The research aims to set out a new idea of landscape as the governance mechanism through which a diverse and complex region can be brought together, exploring the principles of a regionally based connection to the culture and materiality of the land as a lens through which both established and entrepreneurial mechanisms can thrive. It explores how digital communication tools can best be used to convey the complexity of data and concepts.

To date, emerging concepts of ‘smart cities’ have been limited in their spatial and technological aspirations.  This work will develop a wider application of the concept to the landscape as a cultural and productive entity, and the landscape scale.

Anticipated Findings and Contribution to Knowledge

The contribution to knowledge can be expressed through answers to these questions:

  1. How can the relationships between communities and individuals and the materiality of a region be convincingly expressed as a model for governance? How might governance mechanisms be aligned to account for, and better serve these relationships?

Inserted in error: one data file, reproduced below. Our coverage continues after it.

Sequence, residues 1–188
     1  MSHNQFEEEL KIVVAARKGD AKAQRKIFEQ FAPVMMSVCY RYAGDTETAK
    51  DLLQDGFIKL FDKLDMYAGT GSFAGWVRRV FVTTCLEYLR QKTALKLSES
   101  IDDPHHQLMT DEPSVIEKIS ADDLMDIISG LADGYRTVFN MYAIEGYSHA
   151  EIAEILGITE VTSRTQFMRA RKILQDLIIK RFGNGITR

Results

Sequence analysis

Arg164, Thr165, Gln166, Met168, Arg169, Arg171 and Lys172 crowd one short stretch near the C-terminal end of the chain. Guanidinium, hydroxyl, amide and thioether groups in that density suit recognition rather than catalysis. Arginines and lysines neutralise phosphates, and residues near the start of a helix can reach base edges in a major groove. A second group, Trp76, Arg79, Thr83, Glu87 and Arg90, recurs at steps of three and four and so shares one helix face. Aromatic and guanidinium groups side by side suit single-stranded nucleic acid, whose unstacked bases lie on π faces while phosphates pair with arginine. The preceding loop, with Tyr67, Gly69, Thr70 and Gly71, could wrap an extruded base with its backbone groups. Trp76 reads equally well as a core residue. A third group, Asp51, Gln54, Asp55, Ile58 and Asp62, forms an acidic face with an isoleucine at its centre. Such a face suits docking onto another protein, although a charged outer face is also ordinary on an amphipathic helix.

2. How does a recently established Combined Authority such as the West Midlands utilise a new idea of landscape as a robust and compelling narrative on national and international stages? 
  3. How has the physical materiality of a region shaped economic development in the past, and how can we ensure that this knowledge is fully and appropriately communicated and harnessed in the fourth industrial revolution? 
  4. Is there a way in which a new idea of landscape can equip the region economically and culturally for the national and global challenges ahead? What models and means of communication might be needed to ensure that decision-making bodies consider the landscape as the primary marker for future investment and development proposals?
  5. Can the smart and sustainable city concepts be extended to a broader scale and the landscape concept?


Based on the UK Research and Innovation rates for 2024 – 2025, this funding model includes a 36 month fully funded PhD Studentship, in-line with the Research Council values, which comprises a tax-free stipend paid monthly (2024/5 - £19,237) per year and a Full Time Fee Scholarship irrespective of your fee status, subject to you making satisfactory progression within your PhD research.

Closing date:

23:59 on Tuesday 30th April 2024 for a start date of the 2nd September 2024.


Faculty of Computing, Engineering and the Built Environment

STEAMhouse, City Centre Campus
Belmont Row, Birmingham B4 7RQ